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  • Constitutional Modernism: Architecture and Civil Society in Cuba, 1933–1959 by Timothy Hyde
  • John A. Loomis
Constitutional Modernism: Architecture and Civil Society in Cuba, 1933–1959. By Timothy Hyde. Minneapolis: University of Minnesota Press, 2013. Pp. 384. Notes. Bibliography. Index. $35.00 paper.

The projection of political values is perhaps architecture’s oldest role, and it is the architectural and urban projections of civil society that are the subject of Hyde’s volume. Hyde states that “constitutionalism produced a potent and decisive confluence of law and architecture and is the crucial theoretical framework to elucidate the acts of design undertaken during this period of Cuba’s history.” The book charts Cuba’s architectural and urban history from the revolution that toppled the dictator Gerardo Machado to the legendary one that brought down Fulgencio Batista. And during this turbulent period the terms “constitutional” and “civil” reflected aspirations more than reality, as governments seesawed between democracy and dictatorship.

The subject is Havana-centric, because Havana is where all the acts are played. Hyde prepares the way with a political and cultural overview that introduces the issues of modernity and identity. The cultural conundrum confronting Cuba, as well as other Latin American postcolonial countries, was how to participate in the universality of the modern and yet retain the identity of one’s own unique culture. For Cubans, identity was cubanidad, which became a fertile field of expression for Cuban intellectuals, writers, and artists from the beginning of the twentieth century and continuing on to today. But in architecture, cubanidad entered the scene later: first in the 1930s and 1940s through the writings of Joaquin Weiss and Pedro Martín Inclán, and later through the private houses of architect Eugenio Batista, known for his Loosian sections and reinterpretation of architectonic elements: persianes, patios, y portales. In 1943 a recently-formed Cuban chapter of the International Congresses of Modern Architecture (CIAM), known as Agrupación Tectónica de Expresión Contemporánea (Tectonic [End Page 772] Group of Contemporary Expression, ATEC), launched an innovative exhibit of colonial architecture that became an early advocate of historic preservation and presented the proposition that the Cuban colonial typologies might inform not only contemporary architecture but also progressive urban design.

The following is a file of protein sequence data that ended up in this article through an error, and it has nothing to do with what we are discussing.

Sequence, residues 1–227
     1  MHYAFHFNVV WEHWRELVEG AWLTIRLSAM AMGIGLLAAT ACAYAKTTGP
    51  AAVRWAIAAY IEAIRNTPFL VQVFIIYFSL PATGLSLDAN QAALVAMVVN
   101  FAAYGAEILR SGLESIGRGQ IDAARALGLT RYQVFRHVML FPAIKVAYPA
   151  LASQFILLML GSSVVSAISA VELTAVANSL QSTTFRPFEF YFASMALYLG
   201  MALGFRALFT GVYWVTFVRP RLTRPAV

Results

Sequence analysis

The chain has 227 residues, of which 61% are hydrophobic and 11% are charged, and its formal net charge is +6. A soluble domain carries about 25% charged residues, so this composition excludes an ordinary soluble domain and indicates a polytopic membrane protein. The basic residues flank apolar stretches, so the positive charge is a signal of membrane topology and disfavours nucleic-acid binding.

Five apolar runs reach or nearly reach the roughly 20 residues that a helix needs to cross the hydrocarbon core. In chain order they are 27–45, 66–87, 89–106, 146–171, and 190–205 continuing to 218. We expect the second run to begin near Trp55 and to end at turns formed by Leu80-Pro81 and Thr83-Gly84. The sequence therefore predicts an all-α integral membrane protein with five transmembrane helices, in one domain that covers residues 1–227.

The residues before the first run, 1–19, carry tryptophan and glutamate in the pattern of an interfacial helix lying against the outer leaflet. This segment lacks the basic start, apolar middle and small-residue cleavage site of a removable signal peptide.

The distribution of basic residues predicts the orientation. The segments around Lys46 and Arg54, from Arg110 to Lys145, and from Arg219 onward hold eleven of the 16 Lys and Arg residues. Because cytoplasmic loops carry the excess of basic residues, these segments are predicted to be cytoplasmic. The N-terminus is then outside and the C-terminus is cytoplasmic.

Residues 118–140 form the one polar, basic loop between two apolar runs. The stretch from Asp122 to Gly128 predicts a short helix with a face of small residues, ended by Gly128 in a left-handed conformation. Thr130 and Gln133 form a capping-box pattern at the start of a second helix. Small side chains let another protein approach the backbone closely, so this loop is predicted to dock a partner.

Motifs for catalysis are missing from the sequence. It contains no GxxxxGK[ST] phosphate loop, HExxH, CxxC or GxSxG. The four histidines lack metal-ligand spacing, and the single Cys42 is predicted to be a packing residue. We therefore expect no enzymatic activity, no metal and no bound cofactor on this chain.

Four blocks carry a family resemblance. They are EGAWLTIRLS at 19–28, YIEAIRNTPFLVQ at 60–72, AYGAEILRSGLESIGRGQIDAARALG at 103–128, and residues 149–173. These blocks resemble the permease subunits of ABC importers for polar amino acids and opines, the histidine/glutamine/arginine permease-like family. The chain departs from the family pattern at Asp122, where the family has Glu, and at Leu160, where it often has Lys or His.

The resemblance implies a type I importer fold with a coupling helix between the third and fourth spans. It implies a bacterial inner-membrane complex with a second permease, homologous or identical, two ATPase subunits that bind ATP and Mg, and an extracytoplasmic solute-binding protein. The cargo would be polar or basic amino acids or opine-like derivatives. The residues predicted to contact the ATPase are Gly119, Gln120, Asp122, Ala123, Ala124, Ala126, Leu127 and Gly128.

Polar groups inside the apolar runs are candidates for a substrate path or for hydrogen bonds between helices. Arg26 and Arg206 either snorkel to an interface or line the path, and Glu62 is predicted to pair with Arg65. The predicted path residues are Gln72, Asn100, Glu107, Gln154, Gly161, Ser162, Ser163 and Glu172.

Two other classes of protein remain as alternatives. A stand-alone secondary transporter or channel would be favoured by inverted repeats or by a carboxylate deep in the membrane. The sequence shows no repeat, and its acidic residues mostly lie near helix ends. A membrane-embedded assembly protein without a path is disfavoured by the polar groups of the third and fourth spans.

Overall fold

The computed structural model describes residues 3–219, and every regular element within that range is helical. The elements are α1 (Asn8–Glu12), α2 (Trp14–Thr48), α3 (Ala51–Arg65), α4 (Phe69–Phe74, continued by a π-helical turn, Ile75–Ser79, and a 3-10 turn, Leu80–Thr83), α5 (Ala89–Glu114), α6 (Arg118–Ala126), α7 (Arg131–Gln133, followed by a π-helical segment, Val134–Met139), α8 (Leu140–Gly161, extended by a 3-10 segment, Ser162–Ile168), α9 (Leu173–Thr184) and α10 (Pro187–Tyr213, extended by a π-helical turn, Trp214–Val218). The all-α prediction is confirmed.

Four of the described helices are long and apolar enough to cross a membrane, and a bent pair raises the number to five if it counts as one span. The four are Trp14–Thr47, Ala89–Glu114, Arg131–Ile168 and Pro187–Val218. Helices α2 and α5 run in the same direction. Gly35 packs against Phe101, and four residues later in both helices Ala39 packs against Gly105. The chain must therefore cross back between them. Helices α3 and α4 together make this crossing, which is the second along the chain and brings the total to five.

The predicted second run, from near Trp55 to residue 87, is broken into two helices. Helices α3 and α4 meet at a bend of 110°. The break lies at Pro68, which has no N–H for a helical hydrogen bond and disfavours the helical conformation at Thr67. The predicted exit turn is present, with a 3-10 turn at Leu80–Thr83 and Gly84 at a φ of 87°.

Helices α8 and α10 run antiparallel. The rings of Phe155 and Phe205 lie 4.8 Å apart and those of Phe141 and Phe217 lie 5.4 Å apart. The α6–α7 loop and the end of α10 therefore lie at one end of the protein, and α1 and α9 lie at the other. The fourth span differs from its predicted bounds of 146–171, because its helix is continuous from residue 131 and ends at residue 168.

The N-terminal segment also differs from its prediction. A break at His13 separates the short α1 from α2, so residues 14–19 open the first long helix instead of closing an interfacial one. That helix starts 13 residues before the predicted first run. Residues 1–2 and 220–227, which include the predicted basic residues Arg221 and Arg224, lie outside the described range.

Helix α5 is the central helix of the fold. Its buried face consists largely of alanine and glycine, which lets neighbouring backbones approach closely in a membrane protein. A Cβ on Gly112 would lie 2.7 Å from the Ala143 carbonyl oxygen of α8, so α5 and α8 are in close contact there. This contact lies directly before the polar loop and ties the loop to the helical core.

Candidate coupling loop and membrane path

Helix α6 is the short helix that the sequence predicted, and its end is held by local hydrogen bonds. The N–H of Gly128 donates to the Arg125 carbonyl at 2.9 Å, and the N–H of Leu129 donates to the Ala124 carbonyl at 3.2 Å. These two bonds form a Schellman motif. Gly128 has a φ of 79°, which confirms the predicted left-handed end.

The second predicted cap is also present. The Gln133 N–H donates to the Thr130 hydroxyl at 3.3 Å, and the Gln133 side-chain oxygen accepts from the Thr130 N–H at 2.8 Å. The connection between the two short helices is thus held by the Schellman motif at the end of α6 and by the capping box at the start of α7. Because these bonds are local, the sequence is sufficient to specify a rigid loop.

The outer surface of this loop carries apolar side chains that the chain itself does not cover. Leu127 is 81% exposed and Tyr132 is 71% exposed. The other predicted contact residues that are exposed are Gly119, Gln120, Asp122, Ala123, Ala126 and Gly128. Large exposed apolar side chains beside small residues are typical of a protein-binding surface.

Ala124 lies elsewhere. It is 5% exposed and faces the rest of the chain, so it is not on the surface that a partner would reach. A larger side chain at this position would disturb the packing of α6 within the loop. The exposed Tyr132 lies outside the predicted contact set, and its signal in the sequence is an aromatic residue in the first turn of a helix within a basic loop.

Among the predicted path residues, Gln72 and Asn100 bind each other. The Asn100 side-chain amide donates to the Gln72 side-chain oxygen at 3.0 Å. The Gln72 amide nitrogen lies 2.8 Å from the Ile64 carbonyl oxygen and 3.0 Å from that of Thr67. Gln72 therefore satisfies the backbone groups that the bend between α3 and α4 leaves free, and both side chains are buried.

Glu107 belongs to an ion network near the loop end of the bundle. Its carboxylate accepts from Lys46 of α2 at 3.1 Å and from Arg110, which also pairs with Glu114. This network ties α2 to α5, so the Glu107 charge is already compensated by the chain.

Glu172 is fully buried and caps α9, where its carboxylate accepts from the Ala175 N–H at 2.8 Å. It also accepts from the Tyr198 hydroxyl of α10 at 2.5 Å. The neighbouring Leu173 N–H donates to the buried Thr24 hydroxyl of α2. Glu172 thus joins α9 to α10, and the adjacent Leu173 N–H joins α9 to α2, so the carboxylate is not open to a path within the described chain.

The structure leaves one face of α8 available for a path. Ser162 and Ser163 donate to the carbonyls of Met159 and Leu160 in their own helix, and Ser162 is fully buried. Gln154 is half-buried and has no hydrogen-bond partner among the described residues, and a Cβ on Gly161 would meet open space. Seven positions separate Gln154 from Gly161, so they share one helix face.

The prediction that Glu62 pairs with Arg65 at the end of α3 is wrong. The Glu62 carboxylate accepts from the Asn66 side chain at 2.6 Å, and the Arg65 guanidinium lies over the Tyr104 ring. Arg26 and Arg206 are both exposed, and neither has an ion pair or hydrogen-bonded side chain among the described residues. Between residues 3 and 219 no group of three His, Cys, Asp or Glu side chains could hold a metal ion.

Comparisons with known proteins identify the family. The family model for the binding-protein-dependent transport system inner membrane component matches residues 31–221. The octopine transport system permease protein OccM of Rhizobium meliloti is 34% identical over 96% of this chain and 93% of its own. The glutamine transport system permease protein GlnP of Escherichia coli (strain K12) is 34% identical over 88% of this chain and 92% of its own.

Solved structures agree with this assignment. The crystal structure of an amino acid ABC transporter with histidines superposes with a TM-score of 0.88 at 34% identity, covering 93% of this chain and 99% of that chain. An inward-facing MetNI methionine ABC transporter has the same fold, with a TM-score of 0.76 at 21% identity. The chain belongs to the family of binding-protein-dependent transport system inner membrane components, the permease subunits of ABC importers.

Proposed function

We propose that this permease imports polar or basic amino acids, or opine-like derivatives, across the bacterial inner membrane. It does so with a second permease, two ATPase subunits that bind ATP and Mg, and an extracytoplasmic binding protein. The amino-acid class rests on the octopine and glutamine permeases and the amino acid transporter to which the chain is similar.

Cubanidad in architecture was a regionalist discourse that prefigured regionalist ventures in postwar Europe and North America. In Italy the search to reform or even propose an alternative to modernism was advanced by architects Ernesto Rogers, Carlo Scarpa, Enrico Peressutti, and others. In the United States, Lewis Mumford was a cautious proponent of regionalism, advocating the expression and use of regional culture and materials within the universal values of modernism. Hyde describes this debate and weaves in additional American participants including Harwell Hamilton Harris, Pietro Belluschi, and others, situating the Cuban search for cubanidad within an international discourse.

Cubanidad found its architectural expression primarily through residential work. However, the urban implications of the ATEC exhibit, combined with desires for social and urban reform, went on to inform what would have been the largest-scale project ever in Cuba, the complete remaking of the urban fabric of Havana as represented in the Plan Pilota de la Habana, or the master plan for Havana.

The Plan Pilota was a grand scheme. And fortunately it remained nothing more than that. Despite the participation of Cuban architects Nicolás Arroyo, Mario Romañach, and Nicolás Quintana and the Junta Nacional de Planificación, the design was primarily the creation of Josep Lluís Sert, lead partner with Paul Lester Wiener of Town Planning Associates, and Harvard dean. Unfortunately, Sert’s success as an urban designer was inversely proportional to his success as visionary educator. A diehard disciple of Le Corbusier’s urban planning principles, and with few original ideas of his own, Sert drove a project that would have made Jane Jacobs jump up and down in her grave.

The plan called for a massive overhaul, if not the near-complete destruction of Havana. Old Havana was called out for special attention: a few iconic colonial monuments (the Cathedral, Palace of the Captains General, some others) would be restored and given a privileged position within an otherwise eviscerated...


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